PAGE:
Notes: Mixing and matching on defense

August, 23, 2012
8/23/12
10:03
PM ET
TUSCALOOSA, Ala. -- Like a high school athlete who is good at multiple sports and excellent at none, there's a temptation to do too much with young talent, to force the issue and create more problems than answers.

Such is the case at Alabama. The secondary is filled with mostly inexperienced players and it has caused the coaching staff to look at their roster and push the limits, to see how many positions for one player is too much.

"Where guys get into the complicated issues is, when they’re young players, and you try to teach them corner and star, or you try to teach them safety and money," Alabama coach Nick Saban said.

"Some of our younger players this year are in a situation because we don’t have a lot of depth in the secondary, where we’re having to do that with some of them. That probably makes it a more difficult learning curve."

Luckily for Deion Belue, he hasn't been one of the players forced into multiple roles. It's part of the reason the junior college transfer has shined since enrolling in February and stands to start at cornerback for the Tide.

"If you’ve got seven or eight decent players, they have to know more roles because it’s the only way to get the best players on the field," Saban said. "Deion’s not in that position. He just learned corner. He’s done a good job at it."

While the secondary is stretching its numbers, the linebackers have the advantage of playing a mix-and-match game since the unit goes five and six deep.

C.J. Mosley prefers his role in nickel, where he can drop back in pass coverage or rush the passer. If there's a running situation, it's likely that he'll be pulled out of the game for Nico Johnson. It's all a matter of who matches up best.

"If he puts me or puts Nico or Trey [DePriest] in, we've all got to do what we've got to do," Mosley said.

Offensive explosion: It's no secret that Saban wants more explosive plays on offense. Some may equate that to mean more deep passing, but it's not necessarily the case.

"A big play is a 20-yard pass and a 15-yard run," Saban said. "Sometimes you catch and run with it for a long ways. So you don’t just have to throw bombs to make explosive plays."

Saban said he trusts AJ McCarron to make those reads and go for the big play when the time is right.

"AJ’s got the kind of decision-making that you can take chances doing some of those things and not have negative plays," he said. "If quarterbacks try to force balls because they see an opportunity to make a big play, that cannot be such a good thing."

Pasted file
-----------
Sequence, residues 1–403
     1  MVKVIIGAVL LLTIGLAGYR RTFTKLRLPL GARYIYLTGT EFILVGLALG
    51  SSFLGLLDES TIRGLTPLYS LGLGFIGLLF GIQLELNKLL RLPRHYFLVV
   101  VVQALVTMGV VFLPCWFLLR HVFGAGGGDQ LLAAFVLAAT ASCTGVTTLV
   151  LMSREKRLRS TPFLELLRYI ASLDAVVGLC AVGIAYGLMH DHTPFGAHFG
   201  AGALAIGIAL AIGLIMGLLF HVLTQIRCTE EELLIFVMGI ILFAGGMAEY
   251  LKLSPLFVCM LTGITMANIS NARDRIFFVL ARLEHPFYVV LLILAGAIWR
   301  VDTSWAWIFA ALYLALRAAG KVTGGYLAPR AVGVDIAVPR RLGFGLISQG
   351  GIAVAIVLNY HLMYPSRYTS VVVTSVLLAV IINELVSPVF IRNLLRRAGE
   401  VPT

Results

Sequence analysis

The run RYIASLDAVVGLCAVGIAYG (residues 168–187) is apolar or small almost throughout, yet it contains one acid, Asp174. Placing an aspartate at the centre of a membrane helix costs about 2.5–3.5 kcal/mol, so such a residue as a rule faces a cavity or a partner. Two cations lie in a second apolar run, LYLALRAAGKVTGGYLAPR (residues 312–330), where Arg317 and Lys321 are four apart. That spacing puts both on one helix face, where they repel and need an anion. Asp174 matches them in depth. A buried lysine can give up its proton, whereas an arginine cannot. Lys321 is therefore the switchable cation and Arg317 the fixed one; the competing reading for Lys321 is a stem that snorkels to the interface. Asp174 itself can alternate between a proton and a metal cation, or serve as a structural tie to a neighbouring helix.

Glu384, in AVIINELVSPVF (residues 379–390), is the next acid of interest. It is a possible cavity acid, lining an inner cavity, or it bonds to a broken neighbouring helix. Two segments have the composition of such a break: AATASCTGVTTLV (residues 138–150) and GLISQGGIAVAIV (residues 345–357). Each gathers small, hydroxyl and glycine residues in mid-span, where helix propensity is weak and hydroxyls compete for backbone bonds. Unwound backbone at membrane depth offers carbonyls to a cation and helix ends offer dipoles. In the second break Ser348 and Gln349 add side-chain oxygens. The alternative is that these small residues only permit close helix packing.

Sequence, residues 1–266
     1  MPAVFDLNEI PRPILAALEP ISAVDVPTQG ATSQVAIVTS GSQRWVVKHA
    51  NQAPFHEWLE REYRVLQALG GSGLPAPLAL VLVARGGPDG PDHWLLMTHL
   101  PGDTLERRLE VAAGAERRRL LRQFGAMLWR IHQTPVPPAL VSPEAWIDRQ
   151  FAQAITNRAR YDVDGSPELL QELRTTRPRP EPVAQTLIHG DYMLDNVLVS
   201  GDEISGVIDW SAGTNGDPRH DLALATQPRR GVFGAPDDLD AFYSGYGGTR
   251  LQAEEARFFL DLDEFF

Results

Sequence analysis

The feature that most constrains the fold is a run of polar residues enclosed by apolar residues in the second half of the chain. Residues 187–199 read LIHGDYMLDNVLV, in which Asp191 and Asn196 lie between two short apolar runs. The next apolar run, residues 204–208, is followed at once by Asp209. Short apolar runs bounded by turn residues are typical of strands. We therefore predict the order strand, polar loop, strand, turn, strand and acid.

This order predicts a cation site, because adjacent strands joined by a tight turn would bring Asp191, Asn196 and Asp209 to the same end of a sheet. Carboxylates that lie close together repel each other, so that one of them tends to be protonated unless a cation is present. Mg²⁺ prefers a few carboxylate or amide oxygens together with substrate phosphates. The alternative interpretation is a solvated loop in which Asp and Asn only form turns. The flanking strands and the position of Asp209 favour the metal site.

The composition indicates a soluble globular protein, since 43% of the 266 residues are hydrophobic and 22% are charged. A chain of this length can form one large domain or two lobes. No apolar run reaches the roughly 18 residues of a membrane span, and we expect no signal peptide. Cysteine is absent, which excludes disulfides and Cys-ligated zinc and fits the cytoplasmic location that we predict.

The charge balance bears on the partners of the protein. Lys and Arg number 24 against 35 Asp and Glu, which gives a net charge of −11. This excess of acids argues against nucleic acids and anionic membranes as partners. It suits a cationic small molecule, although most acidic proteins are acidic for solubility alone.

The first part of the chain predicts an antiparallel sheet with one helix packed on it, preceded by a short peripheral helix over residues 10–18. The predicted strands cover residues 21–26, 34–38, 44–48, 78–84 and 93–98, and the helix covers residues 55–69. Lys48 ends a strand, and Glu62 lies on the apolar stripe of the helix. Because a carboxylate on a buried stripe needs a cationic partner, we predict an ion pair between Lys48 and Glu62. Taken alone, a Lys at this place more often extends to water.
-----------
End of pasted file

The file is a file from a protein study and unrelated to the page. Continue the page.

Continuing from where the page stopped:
Such was the case against Mississippi State in 2010, when cameras caught Saban chewing out McCarron on the sidelines after an interception.

"AJ and I made 'SportsCenter' on one of those a couple years ago," Saban quipped. "Lead story, I think."

Evaluating the H-back position: At LSU, Saban coached one of the more versatile players in college football in Jacob Hester. The hybrid tailback could do it all: run with speed, power or catch the ball out of the backfield.

While former Alabama H-back Brad Smelley wasn't quite the same athlete, he was versatile and provided the offense multiple looks. With Smelley gone and his time at LSU long past, Saban is looking for a similar type of athlete this season.

"It’s a difficult role to find a guy who has the skill set to do it," Saban said. "... We’re trying to do it some with Jalston Fowler, because he’s 250 pounds, can block, is a really good receiver, is fast, has running skills and running ability, but he’s also playing running back.

"We have several guys that are working at that position and we’ve got a couple of big guys that are pretty good blocking tight ends. So do we have a specialty guy like Smelley was? Maybe not all wrapped into one."

Sorting out the defensive ends: Quinton Dial has been the third man on the defensive line at practice of late, but competition for the spot opposite Jesse Williams and Damion Square is still up for grabs. Recently, Ed Stinson has taken snaps with the first unit.

"Those two are very physical players with really long arms, so it's really hard to get your hands inside on them.They're both really skilled," said guard Chance Warmack.

"We have probably six or seven guys on the defensive line who will rotate and play if we stay healthy at that position, and they’ll all have some sort of role," Saban said. "... [Dial] is a starter whether he starts the game or not."

Injury updates: Eddie Lacy practiced on Thursday after suffering a sprained ankle on Saturday. ... Amari Cooper is still day-to-day and will likely not practice again until Monday. ... Cornerback Bradley Sylve fractured his hand but is not expected to miss much time. Saban said he is day-to-day. ... Offensive lineman Ryan Kelly will be back at practice on Monday.

Alex Scarborough | email

Alabama/SEC reporter

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